Concept of Revenue
The money income which a producer gets from the sale of his product is known as revenue of the firm. It is also called sale proceeds of the firm.
|Revenue of a firm are its money receipts consequent upon the sale of its product.|
The concept of revenue should not be confused with the concept of profit. Profit of a firm is estimated as the difference between revenue and cost related to the production of a commodity (Profit = Revenue – Cost).
Total Revenue, Average Revenue and Marginal Revenue
Revenue has three aspects:
- Total Revenue
- Average Revenue
- Marginal Revenue
Total Revenue (TR)
Total revenue refers to money receipts of a firm from the sale of its total output. It is estimated as the multiple of price and quantity of output.
TR = PxQ
(Here, TR = Total revenue, P = Price per unit of output, and Q = Quantity (or units) of output.)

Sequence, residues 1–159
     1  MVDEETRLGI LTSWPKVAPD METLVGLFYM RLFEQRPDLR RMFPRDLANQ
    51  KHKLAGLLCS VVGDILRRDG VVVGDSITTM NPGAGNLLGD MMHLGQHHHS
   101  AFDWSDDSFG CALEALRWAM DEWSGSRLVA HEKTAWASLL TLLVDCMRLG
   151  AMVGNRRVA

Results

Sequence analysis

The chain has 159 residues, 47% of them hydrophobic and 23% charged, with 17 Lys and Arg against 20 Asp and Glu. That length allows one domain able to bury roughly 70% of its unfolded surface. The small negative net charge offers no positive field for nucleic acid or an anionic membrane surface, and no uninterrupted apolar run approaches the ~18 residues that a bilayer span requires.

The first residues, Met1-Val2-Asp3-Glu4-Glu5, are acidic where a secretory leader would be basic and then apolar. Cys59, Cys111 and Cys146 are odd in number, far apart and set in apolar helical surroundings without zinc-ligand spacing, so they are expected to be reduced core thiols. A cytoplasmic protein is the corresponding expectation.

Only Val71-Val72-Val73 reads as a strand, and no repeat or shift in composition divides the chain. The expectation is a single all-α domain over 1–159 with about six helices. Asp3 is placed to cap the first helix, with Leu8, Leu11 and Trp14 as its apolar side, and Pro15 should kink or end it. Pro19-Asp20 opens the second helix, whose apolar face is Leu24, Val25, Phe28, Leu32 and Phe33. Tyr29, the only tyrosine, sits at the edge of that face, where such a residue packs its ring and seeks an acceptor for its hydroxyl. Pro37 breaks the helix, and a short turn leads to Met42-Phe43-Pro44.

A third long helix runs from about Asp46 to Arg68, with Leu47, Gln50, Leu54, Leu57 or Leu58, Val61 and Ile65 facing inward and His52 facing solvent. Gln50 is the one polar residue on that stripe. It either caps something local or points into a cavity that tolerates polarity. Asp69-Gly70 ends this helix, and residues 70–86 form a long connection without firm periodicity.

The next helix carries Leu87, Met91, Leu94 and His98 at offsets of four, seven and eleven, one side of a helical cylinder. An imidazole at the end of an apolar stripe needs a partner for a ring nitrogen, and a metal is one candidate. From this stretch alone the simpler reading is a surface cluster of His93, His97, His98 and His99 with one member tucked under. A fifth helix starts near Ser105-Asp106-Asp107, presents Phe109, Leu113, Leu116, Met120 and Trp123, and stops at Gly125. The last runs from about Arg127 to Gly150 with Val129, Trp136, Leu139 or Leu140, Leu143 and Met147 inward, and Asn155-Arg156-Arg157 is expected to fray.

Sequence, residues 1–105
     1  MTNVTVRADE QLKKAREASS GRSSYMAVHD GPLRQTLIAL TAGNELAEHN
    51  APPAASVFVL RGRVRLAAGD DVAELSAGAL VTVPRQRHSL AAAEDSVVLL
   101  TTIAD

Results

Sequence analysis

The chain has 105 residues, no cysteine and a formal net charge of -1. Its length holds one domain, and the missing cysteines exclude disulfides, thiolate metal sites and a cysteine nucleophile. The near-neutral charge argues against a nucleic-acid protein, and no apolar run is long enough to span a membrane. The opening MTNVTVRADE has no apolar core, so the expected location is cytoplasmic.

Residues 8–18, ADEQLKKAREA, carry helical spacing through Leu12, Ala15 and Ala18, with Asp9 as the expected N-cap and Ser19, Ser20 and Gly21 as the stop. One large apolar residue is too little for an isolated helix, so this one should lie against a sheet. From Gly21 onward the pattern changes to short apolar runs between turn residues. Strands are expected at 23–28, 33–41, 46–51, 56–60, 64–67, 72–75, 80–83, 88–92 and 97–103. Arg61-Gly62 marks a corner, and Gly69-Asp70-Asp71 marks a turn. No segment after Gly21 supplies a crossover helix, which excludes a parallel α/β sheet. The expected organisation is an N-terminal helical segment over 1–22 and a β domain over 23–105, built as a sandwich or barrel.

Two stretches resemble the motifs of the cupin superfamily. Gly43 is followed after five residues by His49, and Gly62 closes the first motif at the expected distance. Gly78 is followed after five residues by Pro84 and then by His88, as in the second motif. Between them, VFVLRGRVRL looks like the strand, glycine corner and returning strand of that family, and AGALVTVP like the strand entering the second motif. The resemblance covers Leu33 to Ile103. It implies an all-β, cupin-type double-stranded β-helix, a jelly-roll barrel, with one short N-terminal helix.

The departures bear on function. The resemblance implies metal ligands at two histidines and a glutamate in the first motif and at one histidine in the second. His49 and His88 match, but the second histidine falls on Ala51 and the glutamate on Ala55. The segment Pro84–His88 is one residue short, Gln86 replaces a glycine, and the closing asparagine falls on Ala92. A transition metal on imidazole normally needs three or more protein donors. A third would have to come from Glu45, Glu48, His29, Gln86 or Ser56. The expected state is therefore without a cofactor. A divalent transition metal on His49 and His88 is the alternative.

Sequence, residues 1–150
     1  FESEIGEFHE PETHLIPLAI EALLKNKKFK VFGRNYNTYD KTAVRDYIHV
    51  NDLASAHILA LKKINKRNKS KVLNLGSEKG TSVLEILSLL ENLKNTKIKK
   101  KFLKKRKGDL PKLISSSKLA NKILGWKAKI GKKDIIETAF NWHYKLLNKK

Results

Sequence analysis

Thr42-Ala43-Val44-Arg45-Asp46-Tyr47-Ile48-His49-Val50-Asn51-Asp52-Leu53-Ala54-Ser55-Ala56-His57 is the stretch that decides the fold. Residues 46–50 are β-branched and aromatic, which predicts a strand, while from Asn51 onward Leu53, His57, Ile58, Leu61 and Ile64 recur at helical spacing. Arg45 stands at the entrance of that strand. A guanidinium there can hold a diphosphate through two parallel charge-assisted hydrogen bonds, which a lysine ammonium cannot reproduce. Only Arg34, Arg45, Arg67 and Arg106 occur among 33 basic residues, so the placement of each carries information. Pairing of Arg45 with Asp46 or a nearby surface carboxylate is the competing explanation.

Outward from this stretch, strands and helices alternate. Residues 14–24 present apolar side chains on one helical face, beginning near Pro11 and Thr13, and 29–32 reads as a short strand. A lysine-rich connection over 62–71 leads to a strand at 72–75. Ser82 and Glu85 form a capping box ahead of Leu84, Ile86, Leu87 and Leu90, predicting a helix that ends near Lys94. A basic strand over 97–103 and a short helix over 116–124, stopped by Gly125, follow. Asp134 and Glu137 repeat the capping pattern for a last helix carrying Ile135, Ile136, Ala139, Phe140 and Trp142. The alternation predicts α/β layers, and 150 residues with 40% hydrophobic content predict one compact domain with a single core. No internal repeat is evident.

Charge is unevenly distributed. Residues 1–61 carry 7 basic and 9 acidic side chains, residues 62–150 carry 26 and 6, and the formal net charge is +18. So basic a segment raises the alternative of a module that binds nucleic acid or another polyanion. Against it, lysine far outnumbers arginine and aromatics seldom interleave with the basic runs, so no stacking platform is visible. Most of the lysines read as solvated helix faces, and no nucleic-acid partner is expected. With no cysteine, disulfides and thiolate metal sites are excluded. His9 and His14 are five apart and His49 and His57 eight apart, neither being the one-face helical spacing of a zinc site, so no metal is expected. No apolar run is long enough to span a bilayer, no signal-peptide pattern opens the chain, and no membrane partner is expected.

|Total revenue is the sum of money receipts of a producer corresponding to a given level of output.|
Average Revenue (AR)
Average revenue is the revenue per unit of output. It is equal to total revenue divided by total output.
AR = TR/Q
(Here, AR = Average Revenue, TR = Total Revenue, and Q = Total Output)
|Average revenue is the per unit revenue corresponding to a given level of output of a firm.|
Average Revenue is the same as Price of the Commodity.
Let us see how:
AR = TR/Q
AR = (P x Q)/Q [Since TR= P x Q]
AR = P
Implying that average revenue is nothing but price of the commodity.
Marginal Revenue (MR)